Protip: January

I found this one a little while back and figured I might as well share it out since not that many people I talk to seem to know about it. For the longest time if I wanted to search through all my old commands I would do something like this:

history | less

and just kind of wade my way through previously executed commands not very efficient. Once I started getting lazier and the list of items in my history cache grew I started to use this one:

history | grep -i "bleh"

This is a little better, but still a lot more searching and typing than I want. Finally, thanks to the helpful folks over at reddit, I stumbled across this hidden gem:

Ctrl + r "bleh"

So, just press Ctrl then R keys and then a piece of the command you are looking for, bleh in this example, then just hit tab to pull the command up you were looking for once you have enough of the string matched. This is a shortcut that executes the “reverse-i-search” command, and it is freakin awesome. So if there was a command you ran a really long time ago and can’t remember the syntax 100% but know the general idea you can use this to capture the pieces you do remember, saving yourself all that extra time of having to go back through trying to figure out what the hell you were doing.

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A Brief Overview of the Linux chattr Command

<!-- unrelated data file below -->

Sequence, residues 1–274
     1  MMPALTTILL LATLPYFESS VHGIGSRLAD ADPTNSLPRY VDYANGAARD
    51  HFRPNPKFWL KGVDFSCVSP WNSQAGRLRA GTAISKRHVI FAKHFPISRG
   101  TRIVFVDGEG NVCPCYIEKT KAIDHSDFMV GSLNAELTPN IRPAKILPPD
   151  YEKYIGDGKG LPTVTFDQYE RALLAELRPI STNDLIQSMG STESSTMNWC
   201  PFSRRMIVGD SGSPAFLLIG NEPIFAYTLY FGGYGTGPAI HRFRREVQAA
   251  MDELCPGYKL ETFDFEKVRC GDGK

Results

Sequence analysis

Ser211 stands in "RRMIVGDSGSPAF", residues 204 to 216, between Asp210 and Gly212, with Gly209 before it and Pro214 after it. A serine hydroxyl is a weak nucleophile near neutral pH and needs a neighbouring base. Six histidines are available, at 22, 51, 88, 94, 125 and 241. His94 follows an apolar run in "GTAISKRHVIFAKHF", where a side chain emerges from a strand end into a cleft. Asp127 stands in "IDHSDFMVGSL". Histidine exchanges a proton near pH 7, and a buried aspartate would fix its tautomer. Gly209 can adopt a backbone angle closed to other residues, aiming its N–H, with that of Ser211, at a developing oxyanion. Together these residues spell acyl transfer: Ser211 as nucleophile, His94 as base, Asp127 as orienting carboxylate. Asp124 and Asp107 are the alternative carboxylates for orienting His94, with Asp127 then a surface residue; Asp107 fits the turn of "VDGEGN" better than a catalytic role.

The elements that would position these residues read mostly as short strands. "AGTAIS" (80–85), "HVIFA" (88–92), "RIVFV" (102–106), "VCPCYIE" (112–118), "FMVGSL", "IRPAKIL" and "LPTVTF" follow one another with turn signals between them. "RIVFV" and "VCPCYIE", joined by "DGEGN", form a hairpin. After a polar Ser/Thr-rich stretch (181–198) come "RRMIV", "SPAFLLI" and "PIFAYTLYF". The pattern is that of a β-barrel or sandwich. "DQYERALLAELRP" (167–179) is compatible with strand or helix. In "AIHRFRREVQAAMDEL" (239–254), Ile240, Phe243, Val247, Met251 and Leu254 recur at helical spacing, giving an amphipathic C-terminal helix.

I recently watched a talk given by Raphael Mudge, the creator of Armita, entitled “Dirty Red Team Tricks”. In this talk he basically goes over the basics of how to play the hacker version of capture the flag from the point of view of the offensive team or attackers, the red team (pretty self explanatory right?). It was a really good watch, and he demonstrated some really neat little tricks to the audience, including how to use Armitage effectively. Here is the link If you would like to view the presentation.

There was one very curious trick he mentioned in his talk that I want to focus this post on and to save as a note to myself for future reference. That is the chattr command.

The main use case for this command is to essentially make a file immutable by setting the “+i” flag. This is similar to using the attrib command in dos on Windows.  So for instance, you could do something like change the attributes of a password file or any other important file that you didn’t want getting altered by issuing the following command:

chattr +i some_file_name

Note, you must be root or in the sudo group to use this. Until the flag to turn this off is issued, even the root user cannot change the file, how cool is that?! I see why Mudge likes to use this dirty little trick when competing in capture the flag games now. So to check what attributes a particular file has applied to it you can use the lsattr command as follows, notice that the i flag is now set for the file:

lsattr some_file_name
----i------------e- some_file_name

And finally, to switch this flag off use the following command:

chattr -i some_file_name

We can check again to see if the flag actually got turned off:

lsattr some_file_name
-----------------e- some_file_name

That’s it. I couldn’t believe how simple this nasty little trick was to use but how effective it may be in a given situation. I hope this post was helpful for you, and seriously, you should check out Armitage if you are messing around with penetration testing tools, Raphael Mudge is a really smart dude.

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